Washington woman unknowingly live-tweets husband’s death

National/World News
A Washington woman sent out this tweet moments before finding out her husband had died in a car wreck. (Photo: CNN / Twitter)

A Washington woman sent out this tweet moments before finding out her husband had died in a car wreck. (Photo: CNN / Twitter)

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VANCOUVER, Wash. — Trooper William Finn, a spokesman with the Washington State Patrol, was tweeting Wednesday under the handle @wspd5pio about an accident on Vancouver’s Interstate 205.

A car was traveling northbound when it crossed the grass median into the southbound lane, striking a pickup truck, head on.

At 2:11 p.m. PT, Finn tweeted, “Vancouver – SB 205 @ Padden – Fatality collision. WB Padden to SB 205 is closed. Right lane SB 205 also closed in area. Use alt route!”

About 10 minutes earlier, Caran Johnson, a local scanner aficionado and a follower of Finn’s on Twitter, had learned about the accident. She turned to the micro-blogging site to post new details and to reach out to her community.

“this accident sounds horrible,” she wrote in a tweet posted at 2:01 p.m. PT under the handle @ScanCouver.

Finn was at the accident scene gathering information. Before him lay the wreckage of a 2005 silver four-door Hyundai Elantra. Inside, the driver was dead.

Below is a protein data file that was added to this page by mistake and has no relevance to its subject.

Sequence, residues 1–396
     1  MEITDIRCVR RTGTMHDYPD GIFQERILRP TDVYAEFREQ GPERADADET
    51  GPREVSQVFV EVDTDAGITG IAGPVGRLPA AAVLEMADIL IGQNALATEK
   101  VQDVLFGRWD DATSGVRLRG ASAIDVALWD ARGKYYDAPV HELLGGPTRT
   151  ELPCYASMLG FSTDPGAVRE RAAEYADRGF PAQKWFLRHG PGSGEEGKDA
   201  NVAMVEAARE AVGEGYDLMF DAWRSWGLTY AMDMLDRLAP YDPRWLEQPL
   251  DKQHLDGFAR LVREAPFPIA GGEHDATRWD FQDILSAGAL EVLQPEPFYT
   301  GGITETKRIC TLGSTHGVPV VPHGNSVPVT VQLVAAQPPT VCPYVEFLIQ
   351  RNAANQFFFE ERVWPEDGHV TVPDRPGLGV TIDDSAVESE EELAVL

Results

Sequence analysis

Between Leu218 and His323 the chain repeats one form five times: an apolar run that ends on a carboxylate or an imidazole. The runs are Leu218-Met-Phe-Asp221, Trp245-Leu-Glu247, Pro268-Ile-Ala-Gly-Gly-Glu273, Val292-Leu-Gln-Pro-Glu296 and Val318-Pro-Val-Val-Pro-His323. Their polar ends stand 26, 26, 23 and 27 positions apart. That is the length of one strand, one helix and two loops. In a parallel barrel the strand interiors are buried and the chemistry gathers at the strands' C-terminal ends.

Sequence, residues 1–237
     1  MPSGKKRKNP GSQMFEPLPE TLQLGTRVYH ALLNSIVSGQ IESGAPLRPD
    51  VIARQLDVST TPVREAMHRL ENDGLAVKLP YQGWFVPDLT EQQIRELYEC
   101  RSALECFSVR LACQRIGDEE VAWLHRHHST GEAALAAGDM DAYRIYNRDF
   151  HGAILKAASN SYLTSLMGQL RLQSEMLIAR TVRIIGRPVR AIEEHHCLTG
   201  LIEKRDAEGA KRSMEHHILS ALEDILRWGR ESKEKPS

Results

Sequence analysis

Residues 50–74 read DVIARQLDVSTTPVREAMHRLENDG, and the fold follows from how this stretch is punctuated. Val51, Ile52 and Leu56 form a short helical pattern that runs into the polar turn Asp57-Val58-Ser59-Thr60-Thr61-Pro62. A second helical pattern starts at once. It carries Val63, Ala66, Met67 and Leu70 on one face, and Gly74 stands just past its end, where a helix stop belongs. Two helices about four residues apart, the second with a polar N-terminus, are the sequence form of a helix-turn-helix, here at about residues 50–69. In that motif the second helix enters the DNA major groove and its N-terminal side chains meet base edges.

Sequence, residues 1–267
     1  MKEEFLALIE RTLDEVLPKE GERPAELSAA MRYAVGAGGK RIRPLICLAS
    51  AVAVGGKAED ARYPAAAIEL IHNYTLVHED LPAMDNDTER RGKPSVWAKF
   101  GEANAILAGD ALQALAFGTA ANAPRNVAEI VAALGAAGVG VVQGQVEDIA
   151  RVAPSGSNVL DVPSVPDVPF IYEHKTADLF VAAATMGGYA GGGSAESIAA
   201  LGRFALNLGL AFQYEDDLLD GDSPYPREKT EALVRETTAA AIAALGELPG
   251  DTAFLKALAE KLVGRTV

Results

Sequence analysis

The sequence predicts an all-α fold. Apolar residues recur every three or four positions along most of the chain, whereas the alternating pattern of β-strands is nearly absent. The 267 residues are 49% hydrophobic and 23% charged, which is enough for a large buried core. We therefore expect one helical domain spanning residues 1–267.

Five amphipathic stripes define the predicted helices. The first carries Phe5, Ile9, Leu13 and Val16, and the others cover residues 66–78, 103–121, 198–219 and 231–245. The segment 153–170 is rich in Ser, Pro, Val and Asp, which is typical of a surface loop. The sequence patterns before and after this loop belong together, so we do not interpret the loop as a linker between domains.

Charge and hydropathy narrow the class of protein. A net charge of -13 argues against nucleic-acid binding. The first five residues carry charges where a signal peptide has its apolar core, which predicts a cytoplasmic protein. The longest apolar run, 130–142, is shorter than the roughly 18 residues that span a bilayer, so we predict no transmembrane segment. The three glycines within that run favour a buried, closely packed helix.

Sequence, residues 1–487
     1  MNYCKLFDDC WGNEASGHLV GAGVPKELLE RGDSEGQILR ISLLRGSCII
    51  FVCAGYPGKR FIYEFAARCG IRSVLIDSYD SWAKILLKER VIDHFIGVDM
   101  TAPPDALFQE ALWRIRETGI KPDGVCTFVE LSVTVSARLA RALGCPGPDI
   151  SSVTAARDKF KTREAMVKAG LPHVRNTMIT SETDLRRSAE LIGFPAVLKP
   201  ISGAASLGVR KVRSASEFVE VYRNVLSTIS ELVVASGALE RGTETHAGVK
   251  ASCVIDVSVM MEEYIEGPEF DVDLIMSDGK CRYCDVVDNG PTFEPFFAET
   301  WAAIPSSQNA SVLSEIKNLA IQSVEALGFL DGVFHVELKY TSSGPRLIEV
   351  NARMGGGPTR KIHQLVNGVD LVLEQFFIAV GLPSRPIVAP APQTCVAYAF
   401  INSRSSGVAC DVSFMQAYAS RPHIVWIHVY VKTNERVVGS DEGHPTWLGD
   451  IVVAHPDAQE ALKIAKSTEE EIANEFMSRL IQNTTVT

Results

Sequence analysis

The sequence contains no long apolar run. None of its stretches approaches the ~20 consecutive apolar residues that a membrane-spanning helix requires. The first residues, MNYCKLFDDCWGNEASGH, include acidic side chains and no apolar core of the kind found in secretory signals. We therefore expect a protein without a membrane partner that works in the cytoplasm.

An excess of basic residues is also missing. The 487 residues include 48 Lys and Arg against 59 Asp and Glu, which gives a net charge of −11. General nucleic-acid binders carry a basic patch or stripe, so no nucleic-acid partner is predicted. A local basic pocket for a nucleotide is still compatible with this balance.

At 2:17 p.m. PT, Johnson posted, “I’m trying not to panic, but my husband left work early and he drives 205 to get home. he’s not answering his phone.”

Desperate to contact her husband, or at least rule out the possibility that he was involved in the crash, Johnson reached out to Finn, like she had done many times before when trying to gather information about an accident.

“I may tweet something and she may tweet back. One night we exchanged a recipe for a low carb pizza,” said Finn, who has never met Johnson.

At 2:20 p.m. PT, Johnson sent a tweet to Finn, “@wspd5pio do you have descriptions of involved vehicles?”

“@ScanCouver sorry. Not yet.,” Finn replied.

“It was terrible,” the spokesman told CNN later.

“Immediately, I went into overdrive mode and I stopped tweeting the whole thing. I didn’t want someone to find out over Twitter that their husband passed away. I didn’t want her to find out that way. That is a hard thing to go through,” he said.

Finn would normally tweet a photo of the crash scene.

“I didn’t put a picture on Twitter just in case that was her husband,” he said.

At 3:50 p.m. PT, Johnson’s tweet confirmed her fears.

“it’s him. he died,” she posted for the world to read.

Johnson’s husband, Craig, was the only fatality in the accident. The cause of the crash is under investigation.

A woman driving a second car involved in the incident was taken to a hospital with serious injuries, a broken femur and a collapsed lung.

“I feel terrible. I still feel terrible,” Finn said. “Our hearts go out to the family. This person was a member of our community and we just lost him.”

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